Wheat prices rising for local bakers; Prices going up on baked goods, beer, pasta
With the start of the holiday season here, local bakeries are tightening their belts and trying desperately to absorb the rising costs of one of their most important raw materials.
"It used to be about $18 for a 100 pound bag of flour, now it's up around $30 a bag," "It hurts, especially coming into the holidays. We have been absorbing it right now, we don't want to drive customers away, but I don't know how long we can tough it out."
Andyman Dessert and Baking Co. uses 800 pounds of flour a week to make baked goods from scratch. From bread to muffins to cakes, Hurd is considering increasing prices across the board to absorb the cost.
"Bakers are attempting to ride it out," . "We don't want our customers to get pinched, but it is really pinching us."
Andyman bakery is gearing up for Thanksgiving, when pie sales go through the roof. Last Thanksgiving, they sold 400 pies and are expecting the demand to be the same this year.
Bakers have had to raise prices by 10 percent on just about everything recently to make up the difference he has seen in the price of flour and corn syrup. He speculates a number of factors are driving costs up, including gas prices and the use of wheat to subsidize other countries. Morris uses about 2,000 pounds of flour a week to make everything from bread to wedding cakes. "Even the smaller flour companies, such as King Arthur are going up," Morris said. "I think they are on their way up, and I don't think they will ever come down."
"I haven't increased prices, but unfortunately I have to in the near future," said Greta Reineke, owner of Greta's Grains on Pleasant Street in Newburyport, while echoing the sentiment of other bakery owners. "I have to do it in order to survive."
The effects of skyrocketing wheat prices are not just seen in the price of bread and baked goods but also in beer. At The Tap on Washington St. in Haverhill, prices may be going up soon. Brewers, such as David Labbe at The Tap, are watching Budweiser to see if they increase their prices, which are expected to rise 25 percent. Once that happens, smaller breweries will follow.
But it doesn't end with beer and bread.
Pasta, crackers, snacks and desserts of all kinds, including cookies and cakes, even cattle feed and grain for horses, are expected to get more expensive in the coming weeks.
Eating the cost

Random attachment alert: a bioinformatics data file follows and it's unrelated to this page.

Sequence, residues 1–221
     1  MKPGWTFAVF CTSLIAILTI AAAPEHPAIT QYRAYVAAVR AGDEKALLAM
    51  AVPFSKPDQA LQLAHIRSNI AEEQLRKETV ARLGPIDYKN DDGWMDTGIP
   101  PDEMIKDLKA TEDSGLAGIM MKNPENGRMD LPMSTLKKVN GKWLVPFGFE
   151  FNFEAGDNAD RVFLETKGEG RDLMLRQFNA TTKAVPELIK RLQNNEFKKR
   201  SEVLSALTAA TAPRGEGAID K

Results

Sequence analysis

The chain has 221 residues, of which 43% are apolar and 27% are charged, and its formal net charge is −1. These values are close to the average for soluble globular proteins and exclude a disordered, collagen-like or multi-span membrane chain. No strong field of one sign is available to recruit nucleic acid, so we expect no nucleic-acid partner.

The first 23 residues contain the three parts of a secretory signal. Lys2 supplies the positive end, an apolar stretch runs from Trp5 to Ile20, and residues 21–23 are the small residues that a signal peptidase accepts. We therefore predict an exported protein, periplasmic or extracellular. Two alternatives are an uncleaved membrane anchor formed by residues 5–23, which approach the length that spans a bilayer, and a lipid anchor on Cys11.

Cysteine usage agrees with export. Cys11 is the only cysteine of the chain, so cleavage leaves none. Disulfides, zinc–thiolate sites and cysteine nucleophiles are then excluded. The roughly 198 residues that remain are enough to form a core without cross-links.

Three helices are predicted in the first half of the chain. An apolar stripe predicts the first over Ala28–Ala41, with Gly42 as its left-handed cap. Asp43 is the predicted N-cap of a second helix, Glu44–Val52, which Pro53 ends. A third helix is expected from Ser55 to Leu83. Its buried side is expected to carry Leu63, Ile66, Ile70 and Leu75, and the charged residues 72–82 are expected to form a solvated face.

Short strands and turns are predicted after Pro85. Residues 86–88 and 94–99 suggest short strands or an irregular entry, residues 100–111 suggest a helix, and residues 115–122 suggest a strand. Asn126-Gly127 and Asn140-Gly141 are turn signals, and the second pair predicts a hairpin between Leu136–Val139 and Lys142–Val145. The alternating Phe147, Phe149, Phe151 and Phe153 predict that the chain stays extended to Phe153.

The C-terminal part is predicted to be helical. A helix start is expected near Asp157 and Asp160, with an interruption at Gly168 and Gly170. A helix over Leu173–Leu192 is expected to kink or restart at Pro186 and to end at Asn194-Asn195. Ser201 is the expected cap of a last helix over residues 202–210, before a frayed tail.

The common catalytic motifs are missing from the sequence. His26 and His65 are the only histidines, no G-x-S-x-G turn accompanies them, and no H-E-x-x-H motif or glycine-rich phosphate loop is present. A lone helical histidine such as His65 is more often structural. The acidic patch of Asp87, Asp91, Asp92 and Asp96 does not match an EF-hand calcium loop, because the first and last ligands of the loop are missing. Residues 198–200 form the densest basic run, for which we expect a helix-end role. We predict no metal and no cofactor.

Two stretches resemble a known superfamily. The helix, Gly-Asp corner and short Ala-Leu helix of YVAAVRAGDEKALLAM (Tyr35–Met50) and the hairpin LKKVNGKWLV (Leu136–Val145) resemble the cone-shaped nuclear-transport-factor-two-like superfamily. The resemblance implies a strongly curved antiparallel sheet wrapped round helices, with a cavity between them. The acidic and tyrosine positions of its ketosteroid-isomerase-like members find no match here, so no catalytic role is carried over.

Supermarket chains like Stop & Shop and Shaw's say they don't want to raise their prices over $2.99 for a 1-pound loaf of bread but will soon be forced, said Chuck Brandano, who co-owns the wholesale bakery Multi-Grains. He said some of his clients now are requesting 14-ounce loaves of bread for a lower price. Some restaurants may even start charging for bread served in baskets at the table, he said.
"I think we are definitely seeing an effect," . "It's not as busy."
On top of the rising cost of wheat, other raw material prices are more expensive, too.
"Wheat isn't bothering me as much as the egg prices. The egg prices are killing me," Judy Ravaris, owner of Spinach Pie North in the Newburyport Tannery said. "Everything is going up, all raw materials.
"If I had any idea why, I would figure out a way to stop it," Ravaris said with a laugh. "I make a lot of quiche, so the egg prices are what I notice most."
Reineke agreed with Ravaris.
"Everything is going up like crazy," Reineke said.
"The last year was the worst," she said. "Everything went up - delivery charges because of higher fuel charges, then sugar, flour, cream, milk, butter, eggs. You name it. Now, flour, the biggest ingredient, is going up."
"The increase of the wheat will really have an impact. ... especially the organic stuff - that's even worse because the supply is lower," she said.
She hasn't increased her prices yet but expects to soon.
"You can only absorb so much," she said. "You get to a point where you can't do it anymore."
Global economy, local impact
People in the bread, beer and pasta business blame the high cost of wheat and other grains on a variety of factors that seem to have converged in the last couple of months.
Some of the reasons cited:
* Poor weather - droughts in one part of the world and rain and freezing temperatures in other parts have reduced crop yields in Australia, Canada, Argentina and the United States.
* Farmers worldwide are planting corn to take advantage of the high demand - and price - for ethanol, reducing the acreage devoted to wheat and other grains.
* Speculators working for Wall Street hedge funds are buying up grain in large quantities and then selling it for a profit, further driving up the price.
* More U.S. wheat is going overseas as a result of the weak dollar and increasing demand from rapidly developing countries like China and India.